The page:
Protecting Trade Secrets in an Enterprise: From IP to IT
Insights from the #IPPulse Counsel-to-Counsel Idea Exchange with Digital Forensics Expert Rob Kleeger
It’s no surprise that as technology continues to advance, so too do the abilities of tech-savvy individuals and organizations striving for innovation. While this can result in great benefit to a company’s bottom line, it also means greater vulnerability, and an increasingly urgent need to protect intellectual property.
As part of our Counsel to Counsel IP Pulse program, Dilworth IP facilitated an insightful discussion amongst leading senior corporate IP counsel with Michael Dilworth, Founder and Managing Partner at Dilworth IP, and Rob Kleeger, Founder and Managing Director at Digital4nx Group, Ltd moderating the conversation. With a focus on the critical goal of protecting valuable IP assets such as trade secrets, the conversation addressed the array of cyber threats enterprises face, and the subsequent need for enhanced cybersecurity and digital forensics within company structures.
Incidents of trade secret theft have increased dramatically in recent years — of particular note in a growing number of organizations is an uptick in IP misappropriation amongst c-suite level members. A recent study revealed that the top two areas of weakness rendering companies vulnerable to trade secret theft were inadequate cybersecurity and employee leaks of information. Weak cybersecurity systems make it easier for malware and ransomware attacks to occur, and employee leaks indicate an insider threat. As a result, executives are tasked with formulating strategies to enhance security measures, implement or alter employee surveillance tactics, and restrict access to IP data to certain groups within the organization.
The Motivations Behind Cyber Attacks
To better understand how to enhance the protection of intellectual property, it is essential to look at the motivation behind these attacks. Of course, a primary motivation for many cybercriminals, especially those who employ tactics like ransomware, is the possibility of significant monetary gain. There are, however, many other possible motivations for IP theft and misappropriation, including:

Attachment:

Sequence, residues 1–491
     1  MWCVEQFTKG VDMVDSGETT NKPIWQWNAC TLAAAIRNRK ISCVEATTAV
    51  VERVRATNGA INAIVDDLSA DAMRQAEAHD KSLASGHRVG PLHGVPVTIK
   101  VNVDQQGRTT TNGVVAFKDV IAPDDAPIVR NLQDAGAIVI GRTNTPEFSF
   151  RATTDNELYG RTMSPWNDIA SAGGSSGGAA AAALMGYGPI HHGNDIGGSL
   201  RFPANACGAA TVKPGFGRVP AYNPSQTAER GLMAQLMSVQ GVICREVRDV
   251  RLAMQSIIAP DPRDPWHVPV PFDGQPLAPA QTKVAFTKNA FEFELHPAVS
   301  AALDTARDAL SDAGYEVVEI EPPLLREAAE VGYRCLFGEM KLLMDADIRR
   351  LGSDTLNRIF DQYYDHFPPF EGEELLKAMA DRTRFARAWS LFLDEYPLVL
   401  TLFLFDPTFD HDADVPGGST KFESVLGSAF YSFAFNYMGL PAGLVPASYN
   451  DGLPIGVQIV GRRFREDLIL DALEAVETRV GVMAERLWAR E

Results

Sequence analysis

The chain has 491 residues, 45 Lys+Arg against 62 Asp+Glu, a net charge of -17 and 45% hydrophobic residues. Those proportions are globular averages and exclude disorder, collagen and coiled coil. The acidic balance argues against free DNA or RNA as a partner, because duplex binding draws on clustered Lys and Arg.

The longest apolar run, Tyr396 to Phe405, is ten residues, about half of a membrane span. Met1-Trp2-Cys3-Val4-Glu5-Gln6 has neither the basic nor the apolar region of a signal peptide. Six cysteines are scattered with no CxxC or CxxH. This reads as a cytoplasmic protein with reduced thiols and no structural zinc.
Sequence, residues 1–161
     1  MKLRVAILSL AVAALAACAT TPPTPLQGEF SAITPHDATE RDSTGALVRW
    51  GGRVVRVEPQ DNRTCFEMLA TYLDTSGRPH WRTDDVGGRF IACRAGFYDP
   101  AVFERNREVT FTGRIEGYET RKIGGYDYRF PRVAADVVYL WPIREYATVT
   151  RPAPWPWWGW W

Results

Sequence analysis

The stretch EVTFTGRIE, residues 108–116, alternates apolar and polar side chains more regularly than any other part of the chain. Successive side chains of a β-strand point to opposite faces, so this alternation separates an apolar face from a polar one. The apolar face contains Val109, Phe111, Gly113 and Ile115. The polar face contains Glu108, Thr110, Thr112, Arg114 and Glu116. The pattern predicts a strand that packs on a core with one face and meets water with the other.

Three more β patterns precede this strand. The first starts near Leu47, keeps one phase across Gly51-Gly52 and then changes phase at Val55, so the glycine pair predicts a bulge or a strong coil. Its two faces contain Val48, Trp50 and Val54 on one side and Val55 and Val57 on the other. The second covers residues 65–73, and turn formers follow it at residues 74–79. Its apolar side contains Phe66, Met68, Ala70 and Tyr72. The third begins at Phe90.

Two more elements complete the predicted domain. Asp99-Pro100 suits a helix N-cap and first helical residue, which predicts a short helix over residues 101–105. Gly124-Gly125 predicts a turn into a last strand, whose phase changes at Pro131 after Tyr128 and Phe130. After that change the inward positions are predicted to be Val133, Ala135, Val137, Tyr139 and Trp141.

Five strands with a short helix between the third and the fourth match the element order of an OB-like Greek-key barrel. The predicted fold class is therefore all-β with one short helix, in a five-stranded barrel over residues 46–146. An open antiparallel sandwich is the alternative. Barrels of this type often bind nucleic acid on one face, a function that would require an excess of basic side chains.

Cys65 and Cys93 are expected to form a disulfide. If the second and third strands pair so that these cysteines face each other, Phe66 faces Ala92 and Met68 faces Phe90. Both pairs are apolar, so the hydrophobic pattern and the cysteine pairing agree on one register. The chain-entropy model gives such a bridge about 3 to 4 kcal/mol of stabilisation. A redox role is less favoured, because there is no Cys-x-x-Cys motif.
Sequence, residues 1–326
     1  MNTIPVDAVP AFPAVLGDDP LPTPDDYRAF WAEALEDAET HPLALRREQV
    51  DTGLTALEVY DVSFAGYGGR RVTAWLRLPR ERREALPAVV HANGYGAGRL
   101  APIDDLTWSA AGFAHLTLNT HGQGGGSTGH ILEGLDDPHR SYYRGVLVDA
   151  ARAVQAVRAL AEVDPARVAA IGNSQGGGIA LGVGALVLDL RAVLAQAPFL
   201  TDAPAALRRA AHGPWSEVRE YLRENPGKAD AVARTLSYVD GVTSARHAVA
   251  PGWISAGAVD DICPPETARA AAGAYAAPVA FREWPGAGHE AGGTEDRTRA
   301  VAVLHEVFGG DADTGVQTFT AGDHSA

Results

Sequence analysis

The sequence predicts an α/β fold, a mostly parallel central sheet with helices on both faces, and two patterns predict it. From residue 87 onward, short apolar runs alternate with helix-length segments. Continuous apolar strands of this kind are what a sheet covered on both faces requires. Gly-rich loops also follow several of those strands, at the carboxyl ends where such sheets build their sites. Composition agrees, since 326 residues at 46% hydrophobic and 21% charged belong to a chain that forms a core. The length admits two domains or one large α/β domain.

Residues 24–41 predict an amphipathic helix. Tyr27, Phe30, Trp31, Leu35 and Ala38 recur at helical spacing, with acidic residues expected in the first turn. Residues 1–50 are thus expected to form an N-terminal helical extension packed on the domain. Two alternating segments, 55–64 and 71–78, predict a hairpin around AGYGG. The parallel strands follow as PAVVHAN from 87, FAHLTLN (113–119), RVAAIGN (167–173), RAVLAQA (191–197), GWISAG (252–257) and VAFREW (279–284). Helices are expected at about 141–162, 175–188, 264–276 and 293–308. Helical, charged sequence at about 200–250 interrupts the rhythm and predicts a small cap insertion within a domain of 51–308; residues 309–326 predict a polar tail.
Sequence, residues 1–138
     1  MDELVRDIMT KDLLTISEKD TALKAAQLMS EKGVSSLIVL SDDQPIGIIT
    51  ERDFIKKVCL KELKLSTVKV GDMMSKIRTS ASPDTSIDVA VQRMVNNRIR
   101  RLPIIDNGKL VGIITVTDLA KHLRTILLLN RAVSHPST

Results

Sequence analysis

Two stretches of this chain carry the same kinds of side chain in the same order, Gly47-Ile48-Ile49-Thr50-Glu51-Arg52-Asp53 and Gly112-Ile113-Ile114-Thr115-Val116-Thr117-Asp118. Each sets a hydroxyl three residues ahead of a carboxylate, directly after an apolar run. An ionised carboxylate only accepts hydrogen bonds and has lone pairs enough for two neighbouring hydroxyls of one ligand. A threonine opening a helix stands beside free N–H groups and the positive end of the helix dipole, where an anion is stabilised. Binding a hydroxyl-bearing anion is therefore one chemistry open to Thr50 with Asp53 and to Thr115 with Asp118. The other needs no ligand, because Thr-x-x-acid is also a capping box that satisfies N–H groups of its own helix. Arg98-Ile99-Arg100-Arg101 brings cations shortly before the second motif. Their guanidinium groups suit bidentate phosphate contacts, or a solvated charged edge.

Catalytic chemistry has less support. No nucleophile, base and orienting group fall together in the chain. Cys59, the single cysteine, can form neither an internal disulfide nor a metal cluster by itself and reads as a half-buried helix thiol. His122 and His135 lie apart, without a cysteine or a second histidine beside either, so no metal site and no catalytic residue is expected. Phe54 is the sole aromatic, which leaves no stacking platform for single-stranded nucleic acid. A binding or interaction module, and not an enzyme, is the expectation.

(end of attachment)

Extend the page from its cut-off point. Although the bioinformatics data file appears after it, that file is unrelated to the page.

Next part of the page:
- Disgruntled employees (past and present) seeking to harm the organization
- Corporate espionage for political or financial gain from competitors or foreign governments
- Sabotage to a company’s network, data and/or infrastructure for personal or financial reasons
- Blackmail against the company and/or or its members to gain a monetary or competitive advantage
- Protest against the industry, country, capitalism, etc. based on a social or political agenda
- Notoriety for attacker(s) seeking to have their skill or influence recognized
Identifying an Emerging Threat
Cybercrime is not a new phenomenon, and the types of malware cybercriminals can employ to harm or extort an enterprise are as varied as the attackers themselves. One type of attack that is emerging as increasingly prevalent is the use of ransomware — a type of malicious software specifically designed to block access to an IT system, locking users out until a sum of money is paid. Ransomware incursions tend to be very sophisticated, highly targeted, and hard to prevent. When IT departments do not have the necessary back-ups in place, an attack like this can result in lost information and time as users are sidelined in frustration, waiting for the ransom to be paid or some other resolution to take place — not to mention damage to your brand reputation.